Are you saying that you can't tell if a bike will fit inside a vehicle by the cubic inch specifications that a manufacturer lists on their website? And that you have to take a tape measure and go from dealership to dealership begging salesmen to unlock vehicles so you can measure the cargo areas so you can find out what the length and height of the cargo areas are?
Because if thats what your saying, your correct. No one ever lists the actual width, height and length of a cargo area. Not the manufacturer and even more puzzling not car reviewers either. All you ever get is cubic inches which is useless when trying to figure out is a specific sized cargo (bicycles) will fit.
P.S. as a tip check out the size of the door too as you have to get it in through that opening.
For people who have found that the safest way to transport a bike is inside the vehicle, the new slopping roofs on some of the newer SUVs is bad news.
Only if it is not a white bike.
But, for those with other than white bikes I did a "Google Search" and here is the response I found:
- Inside the Car -- One or maybe two bikes should fit in the back of a
4-door RAV4 with the rear seats folded up, more easily with the rear seats
removed. If you need to carry more stuff or require the back seats for
passengers, or if you have a 2-door RAV4, consider one of the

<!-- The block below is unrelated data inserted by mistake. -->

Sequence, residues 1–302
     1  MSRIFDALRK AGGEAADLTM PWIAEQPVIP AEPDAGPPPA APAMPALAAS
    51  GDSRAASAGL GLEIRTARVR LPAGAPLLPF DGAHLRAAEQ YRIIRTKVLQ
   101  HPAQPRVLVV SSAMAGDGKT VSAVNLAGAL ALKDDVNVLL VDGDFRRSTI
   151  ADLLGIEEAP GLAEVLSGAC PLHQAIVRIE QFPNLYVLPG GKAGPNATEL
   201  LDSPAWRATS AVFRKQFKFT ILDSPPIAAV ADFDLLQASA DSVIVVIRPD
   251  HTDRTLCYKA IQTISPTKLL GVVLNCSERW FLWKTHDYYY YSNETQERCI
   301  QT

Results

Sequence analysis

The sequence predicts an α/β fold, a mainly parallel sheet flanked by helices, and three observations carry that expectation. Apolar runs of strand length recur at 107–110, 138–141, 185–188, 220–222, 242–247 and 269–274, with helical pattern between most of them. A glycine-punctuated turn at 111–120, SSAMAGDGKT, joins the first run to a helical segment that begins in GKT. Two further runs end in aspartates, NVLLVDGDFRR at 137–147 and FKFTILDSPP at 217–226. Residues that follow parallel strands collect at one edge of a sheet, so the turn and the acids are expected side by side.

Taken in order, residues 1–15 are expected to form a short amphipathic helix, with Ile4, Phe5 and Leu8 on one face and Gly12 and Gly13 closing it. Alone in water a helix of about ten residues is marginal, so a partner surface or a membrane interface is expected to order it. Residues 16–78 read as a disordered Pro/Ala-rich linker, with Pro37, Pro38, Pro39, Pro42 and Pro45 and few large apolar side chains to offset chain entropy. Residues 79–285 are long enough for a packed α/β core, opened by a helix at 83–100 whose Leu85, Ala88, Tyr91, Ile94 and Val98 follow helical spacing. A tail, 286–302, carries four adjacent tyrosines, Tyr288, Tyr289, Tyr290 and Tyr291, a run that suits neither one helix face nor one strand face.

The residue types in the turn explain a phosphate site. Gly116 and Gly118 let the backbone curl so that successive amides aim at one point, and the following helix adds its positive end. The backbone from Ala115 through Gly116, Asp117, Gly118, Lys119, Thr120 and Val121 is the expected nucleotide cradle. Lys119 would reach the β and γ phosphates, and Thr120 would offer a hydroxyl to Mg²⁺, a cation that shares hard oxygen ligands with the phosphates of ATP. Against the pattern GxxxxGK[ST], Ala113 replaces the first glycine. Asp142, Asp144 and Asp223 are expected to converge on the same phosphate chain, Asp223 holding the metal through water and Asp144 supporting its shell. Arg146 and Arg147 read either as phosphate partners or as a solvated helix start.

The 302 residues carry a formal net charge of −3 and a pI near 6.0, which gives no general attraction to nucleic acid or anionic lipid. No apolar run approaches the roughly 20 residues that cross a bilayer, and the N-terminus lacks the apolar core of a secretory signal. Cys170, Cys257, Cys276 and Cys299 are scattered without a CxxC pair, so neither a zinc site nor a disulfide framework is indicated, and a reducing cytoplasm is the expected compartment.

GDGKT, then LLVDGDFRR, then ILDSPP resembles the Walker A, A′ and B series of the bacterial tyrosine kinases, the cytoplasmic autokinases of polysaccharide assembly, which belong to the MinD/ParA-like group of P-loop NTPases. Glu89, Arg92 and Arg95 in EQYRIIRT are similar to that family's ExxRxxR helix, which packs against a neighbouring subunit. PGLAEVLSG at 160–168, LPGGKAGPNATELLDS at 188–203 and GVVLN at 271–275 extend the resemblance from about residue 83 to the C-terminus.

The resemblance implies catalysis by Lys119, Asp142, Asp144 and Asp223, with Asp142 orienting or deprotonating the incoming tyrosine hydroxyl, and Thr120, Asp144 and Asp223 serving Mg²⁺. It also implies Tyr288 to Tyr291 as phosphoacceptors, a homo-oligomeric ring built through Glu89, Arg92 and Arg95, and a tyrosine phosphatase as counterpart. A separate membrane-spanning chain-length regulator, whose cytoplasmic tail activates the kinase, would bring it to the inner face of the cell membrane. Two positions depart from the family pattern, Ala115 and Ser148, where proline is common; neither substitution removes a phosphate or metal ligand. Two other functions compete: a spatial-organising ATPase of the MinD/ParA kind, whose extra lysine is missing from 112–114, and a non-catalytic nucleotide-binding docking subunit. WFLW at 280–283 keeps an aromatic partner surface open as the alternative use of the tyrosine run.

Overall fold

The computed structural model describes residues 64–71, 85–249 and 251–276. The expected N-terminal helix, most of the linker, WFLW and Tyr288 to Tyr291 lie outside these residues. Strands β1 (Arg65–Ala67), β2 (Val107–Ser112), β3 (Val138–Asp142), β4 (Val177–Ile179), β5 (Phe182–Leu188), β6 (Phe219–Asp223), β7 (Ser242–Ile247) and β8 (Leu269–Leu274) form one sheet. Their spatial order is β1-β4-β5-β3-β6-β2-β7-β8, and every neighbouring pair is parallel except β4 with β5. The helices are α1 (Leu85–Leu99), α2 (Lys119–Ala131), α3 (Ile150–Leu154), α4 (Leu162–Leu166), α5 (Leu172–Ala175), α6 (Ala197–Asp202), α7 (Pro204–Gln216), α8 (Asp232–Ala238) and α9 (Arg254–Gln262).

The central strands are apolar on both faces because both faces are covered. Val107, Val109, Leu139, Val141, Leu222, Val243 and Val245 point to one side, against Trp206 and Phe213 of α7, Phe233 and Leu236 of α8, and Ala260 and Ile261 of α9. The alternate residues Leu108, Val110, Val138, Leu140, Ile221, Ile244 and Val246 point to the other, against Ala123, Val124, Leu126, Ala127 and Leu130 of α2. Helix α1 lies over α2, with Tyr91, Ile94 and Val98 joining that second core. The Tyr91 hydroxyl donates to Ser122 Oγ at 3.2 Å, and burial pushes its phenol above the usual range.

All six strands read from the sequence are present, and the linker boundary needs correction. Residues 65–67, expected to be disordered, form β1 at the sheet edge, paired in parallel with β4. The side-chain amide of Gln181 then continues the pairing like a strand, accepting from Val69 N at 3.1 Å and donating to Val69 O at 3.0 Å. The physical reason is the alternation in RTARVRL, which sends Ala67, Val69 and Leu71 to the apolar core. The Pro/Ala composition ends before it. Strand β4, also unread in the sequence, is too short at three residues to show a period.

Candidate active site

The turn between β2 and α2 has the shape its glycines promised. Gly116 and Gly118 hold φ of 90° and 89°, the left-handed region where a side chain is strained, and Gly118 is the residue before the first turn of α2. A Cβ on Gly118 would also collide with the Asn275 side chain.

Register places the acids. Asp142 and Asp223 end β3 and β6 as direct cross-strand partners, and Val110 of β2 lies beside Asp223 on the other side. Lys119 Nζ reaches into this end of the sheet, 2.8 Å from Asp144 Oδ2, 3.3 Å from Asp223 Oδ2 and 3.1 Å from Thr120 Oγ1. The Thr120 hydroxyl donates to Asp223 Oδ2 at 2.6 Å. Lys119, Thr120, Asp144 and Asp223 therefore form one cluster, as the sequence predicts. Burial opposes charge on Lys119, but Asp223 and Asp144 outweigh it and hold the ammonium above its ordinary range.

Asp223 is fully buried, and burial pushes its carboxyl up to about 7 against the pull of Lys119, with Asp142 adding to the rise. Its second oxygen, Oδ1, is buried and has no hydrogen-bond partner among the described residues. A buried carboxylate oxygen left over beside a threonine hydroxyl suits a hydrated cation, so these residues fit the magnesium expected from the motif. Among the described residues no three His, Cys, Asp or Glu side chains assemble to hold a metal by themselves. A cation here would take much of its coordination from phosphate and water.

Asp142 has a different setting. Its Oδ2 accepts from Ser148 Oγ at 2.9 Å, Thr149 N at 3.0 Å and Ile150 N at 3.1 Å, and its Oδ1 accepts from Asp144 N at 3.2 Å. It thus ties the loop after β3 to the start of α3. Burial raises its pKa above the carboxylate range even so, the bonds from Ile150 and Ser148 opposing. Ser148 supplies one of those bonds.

Last edited by DnvrFox; 10-11-07 at 06:17 AM.
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Yes, one of my neighbors does it all the time. I think she must lay the seats down. I have a 4 runner and when I lay the seats down I don't have to take the wheel off.
I like to remove the front wheels and clamp the fork so the bike stays in place and upright. I really don't consider laying a bike on its side as an option unless it has an internal hub. Otherwise your just asking for shifting trouble because of a bent (or broken) derailuer mount.
If you wait an hour or two I'll go out and see if my 60 cm Merlin will fit in wife's 07 RAV 4. I'll try it with the back seats up first and then down. I'll try it with the bike upright and laying flat. I'll also give you measurements if you want them
I own a Toyota Rav 4, 2007 model. When the back seats are down, it definitely can fit a bike, even with the front tire on. There is room to spare but the bike has to be pushed all the way in.
We can easily put TWO bikes in the back of my wife's Prius, with the seats down! So shouldn't be any problem with a RAV 4.
A year ago I saw a guy who carries his recumbent trike in a hatchback Honda Civic. Only took off the rear wheel, too.
I've currently got a Durango that I just lay the bike down in, but I'm going to buy a new vehicle soon, and would like to have an interior retention system like yours.
And Garfield, when you say that your bike will fit, is that upright or laying down? I assume laying down. Even so, with my '98 Durango, I usually take off the front wheel when putting bike in back and I still need to have part of the second row of seats folded.
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I made the mount setup. I purchased the clamps and mounted them to a board which is attached to tie down bolts that Isuzu placed in the back. They are staggered so I can bring my MBT, my roadie and the folding city bike you see pictured on trips (the commuter stays home and watches my TV).